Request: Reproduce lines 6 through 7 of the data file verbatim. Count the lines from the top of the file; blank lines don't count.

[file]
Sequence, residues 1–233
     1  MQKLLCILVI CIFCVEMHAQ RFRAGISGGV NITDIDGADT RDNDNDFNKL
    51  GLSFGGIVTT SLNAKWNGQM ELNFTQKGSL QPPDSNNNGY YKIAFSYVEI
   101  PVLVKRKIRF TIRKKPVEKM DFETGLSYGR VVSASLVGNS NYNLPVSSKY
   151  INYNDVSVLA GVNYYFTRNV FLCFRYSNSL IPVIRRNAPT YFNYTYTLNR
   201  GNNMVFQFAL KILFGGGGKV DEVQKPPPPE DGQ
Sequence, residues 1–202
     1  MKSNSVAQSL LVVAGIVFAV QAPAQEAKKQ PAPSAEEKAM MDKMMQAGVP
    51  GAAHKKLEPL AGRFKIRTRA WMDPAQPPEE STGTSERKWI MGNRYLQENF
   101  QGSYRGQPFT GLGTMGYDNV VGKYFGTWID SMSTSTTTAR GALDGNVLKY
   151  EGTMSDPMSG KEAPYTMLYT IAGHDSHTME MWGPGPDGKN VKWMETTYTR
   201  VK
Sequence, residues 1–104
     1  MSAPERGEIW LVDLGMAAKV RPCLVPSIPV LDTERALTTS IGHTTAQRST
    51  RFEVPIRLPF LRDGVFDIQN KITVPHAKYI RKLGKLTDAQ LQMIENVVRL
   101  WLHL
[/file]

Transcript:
   201  GNNMVFQFAL KILFGGGGKV DEVQKPPPPE DGQ
Sequence, residues 1–202